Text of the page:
There is no consolation for missing someone who can't come back, but there are things you can do to feel closer to your person, and I am thankful to be able to continue something that we both loved together.
But that’s grief, isn’t it? It comes when you least expect it. When you find a video you sent to your mum, of you in a pyjama set she bought you, tucked in a bed she kissed you goodnight in, cuddling the cat you both loved so much together.
There’s a small scar above my left eye, a keepsake from the time my sister and I tried to dig our way to China. I don’t remember the exact thought process that led to this bold venture, but since I was 5 and she was 13, I’m sure our reasoning was perfectly sound. I’m also sure that living in southeastern Idaho played a role in the decision because 1) We had nothing else going on, and 2) Local authorities hadn’t yet enacted any laws against minors procuring gardening shovels, ladders, and gas lanterns, and 3) There were plenty of other kids around who were eager to help (probably because we promised them fields of free fortune cookies upon job completion).
I see a girl who got through a difficult year of her life. It was nothing like the worst, but it was nothing like the easiest. I see a girl who has been hurt, who has healed, and who looks to the future with bright eyes. I see a girl who is not perfect, who makes a plethora of mistakes, who has a library of stories and someone who keeps on trying, no matter what.
Losing our mum aged me in so many ways, which I have mentioned a lot in blog posts before. Mum would always call me a "party girl" which used to make me cringe, but I quite liked the colourful description. I liked that people thought I was colourful and energetic.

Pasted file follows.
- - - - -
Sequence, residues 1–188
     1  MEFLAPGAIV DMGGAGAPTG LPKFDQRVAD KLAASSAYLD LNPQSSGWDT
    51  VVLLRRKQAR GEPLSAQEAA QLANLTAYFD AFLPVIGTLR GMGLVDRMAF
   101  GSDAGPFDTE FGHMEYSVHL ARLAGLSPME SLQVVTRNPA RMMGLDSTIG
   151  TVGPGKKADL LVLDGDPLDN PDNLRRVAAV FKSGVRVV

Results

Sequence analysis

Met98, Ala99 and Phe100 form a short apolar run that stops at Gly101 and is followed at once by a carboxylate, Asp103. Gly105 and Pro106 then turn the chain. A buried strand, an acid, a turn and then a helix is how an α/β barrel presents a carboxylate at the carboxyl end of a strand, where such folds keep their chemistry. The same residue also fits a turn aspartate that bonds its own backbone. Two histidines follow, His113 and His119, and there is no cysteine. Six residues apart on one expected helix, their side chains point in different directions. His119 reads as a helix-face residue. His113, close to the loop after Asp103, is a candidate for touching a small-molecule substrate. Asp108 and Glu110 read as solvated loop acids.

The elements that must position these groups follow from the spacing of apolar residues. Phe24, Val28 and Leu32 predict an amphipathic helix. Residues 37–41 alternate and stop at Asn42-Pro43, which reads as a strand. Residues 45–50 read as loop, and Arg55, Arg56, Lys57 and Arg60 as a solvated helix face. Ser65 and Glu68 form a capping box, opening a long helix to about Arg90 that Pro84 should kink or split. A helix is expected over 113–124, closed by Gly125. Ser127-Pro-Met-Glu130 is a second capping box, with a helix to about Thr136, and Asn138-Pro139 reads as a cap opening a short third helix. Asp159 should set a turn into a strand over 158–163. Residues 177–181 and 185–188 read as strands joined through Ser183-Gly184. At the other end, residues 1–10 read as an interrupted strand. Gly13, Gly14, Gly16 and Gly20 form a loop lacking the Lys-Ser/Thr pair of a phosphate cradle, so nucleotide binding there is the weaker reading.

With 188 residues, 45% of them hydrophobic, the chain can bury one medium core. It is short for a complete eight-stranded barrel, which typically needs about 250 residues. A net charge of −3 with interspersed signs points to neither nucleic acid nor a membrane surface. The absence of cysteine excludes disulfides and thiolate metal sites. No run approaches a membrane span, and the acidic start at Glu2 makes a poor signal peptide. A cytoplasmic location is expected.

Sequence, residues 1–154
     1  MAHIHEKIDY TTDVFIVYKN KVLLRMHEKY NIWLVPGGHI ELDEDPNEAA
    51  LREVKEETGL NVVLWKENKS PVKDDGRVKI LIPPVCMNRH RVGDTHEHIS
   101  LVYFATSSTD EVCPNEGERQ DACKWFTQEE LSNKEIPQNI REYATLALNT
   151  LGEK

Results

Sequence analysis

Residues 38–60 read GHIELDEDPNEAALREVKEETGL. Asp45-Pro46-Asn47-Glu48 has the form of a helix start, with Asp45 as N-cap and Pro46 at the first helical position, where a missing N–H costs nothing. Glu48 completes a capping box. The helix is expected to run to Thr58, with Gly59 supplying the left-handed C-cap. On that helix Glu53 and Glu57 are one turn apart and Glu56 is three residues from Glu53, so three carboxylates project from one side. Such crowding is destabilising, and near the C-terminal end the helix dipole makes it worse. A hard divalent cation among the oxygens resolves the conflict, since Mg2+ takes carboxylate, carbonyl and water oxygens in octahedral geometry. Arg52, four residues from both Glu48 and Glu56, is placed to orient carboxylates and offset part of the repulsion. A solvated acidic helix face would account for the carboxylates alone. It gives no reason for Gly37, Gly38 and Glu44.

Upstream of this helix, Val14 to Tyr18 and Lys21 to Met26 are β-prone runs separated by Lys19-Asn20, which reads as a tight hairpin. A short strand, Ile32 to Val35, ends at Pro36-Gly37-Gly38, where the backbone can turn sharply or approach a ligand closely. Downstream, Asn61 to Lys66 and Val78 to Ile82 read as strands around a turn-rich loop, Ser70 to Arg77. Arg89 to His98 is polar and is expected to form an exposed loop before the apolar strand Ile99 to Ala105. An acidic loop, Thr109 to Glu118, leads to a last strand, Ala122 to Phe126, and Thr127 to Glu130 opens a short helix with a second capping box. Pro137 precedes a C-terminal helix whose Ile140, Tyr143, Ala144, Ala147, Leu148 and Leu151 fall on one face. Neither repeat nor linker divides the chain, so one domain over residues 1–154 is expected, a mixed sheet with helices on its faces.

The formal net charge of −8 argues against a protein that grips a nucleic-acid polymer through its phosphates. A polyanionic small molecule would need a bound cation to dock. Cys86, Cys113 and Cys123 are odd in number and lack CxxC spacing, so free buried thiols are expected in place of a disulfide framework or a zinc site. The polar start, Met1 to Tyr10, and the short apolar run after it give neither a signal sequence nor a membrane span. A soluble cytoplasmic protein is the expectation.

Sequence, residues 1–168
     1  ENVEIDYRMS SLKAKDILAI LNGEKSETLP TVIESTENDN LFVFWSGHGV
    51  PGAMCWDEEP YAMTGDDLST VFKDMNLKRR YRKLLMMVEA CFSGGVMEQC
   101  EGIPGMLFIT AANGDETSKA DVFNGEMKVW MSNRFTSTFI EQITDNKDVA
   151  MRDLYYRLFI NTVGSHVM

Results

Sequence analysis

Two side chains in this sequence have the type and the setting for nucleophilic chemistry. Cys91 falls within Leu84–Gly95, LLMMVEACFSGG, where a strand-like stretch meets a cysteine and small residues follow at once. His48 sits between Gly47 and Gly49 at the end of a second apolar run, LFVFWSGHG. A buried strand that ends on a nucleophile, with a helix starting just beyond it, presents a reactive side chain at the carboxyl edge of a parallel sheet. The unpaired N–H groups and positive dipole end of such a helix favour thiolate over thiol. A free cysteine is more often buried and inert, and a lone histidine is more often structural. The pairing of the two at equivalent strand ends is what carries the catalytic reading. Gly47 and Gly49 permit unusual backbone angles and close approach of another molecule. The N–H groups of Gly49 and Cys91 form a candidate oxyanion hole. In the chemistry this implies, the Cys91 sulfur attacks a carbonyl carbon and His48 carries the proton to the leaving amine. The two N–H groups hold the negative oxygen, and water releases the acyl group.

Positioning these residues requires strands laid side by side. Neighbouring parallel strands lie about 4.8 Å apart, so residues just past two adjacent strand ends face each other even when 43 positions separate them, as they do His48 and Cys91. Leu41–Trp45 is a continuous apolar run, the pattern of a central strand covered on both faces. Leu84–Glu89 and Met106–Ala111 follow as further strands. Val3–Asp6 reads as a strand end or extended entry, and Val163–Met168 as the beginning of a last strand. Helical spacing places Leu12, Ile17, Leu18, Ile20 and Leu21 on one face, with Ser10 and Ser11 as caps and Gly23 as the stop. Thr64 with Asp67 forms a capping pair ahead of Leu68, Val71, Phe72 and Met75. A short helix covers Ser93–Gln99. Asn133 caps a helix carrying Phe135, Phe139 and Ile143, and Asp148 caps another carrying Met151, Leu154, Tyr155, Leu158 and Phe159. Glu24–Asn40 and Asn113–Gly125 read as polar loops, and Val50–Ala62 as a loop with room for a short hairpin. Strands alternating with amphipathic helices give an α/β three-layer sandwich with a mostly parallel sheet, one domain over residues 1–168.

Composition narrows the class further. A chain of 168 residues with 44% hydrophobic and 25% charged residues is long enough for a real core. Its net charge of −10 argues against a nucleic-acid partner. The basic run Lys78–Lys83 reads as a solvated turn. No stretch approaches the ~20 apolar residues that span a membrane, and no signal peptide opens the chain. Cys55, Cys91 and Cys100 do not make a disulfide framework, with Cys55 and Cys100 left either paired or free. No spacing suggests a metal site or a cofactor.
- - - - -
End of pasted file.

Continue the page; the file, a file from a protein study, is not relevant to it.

Thank you for being here. Thank you to the silent readers who don't comment. Thank you to the readers who do comment. Thank you to the people who come from our social media. Thank you to the people who stumble across our blog and never come back. Thank you to the people who keep coming back. Thank you for being here with me as I grow and navigate this world without my Mum.
Merry Christmas and Happy New year, Grievers, and as difficult as it may be, try to begin each day with a smile. It really does help. 🙂 Peace and blessings!
I would like my next project to be lavender with bees buzzing around it. I will look at it and remember my mum cross-stitching her hair rocking chair by the fire, and how she would look over her glasses at me. I will look at it and remember how she bought a magnifying lamp for her cross-stitch and how Katie and I would laugh at her peering into it.
We never had any Big Talks. But over those three months we slowly rediscovered each other. Nothing magical (unless you count being able to laugh together again magical). Just us.
Your grief is seen and felt, even at the time of the Christmas spirit and when all is merry. You are seen. You are heard. Your loved one, nor you, is forgotten.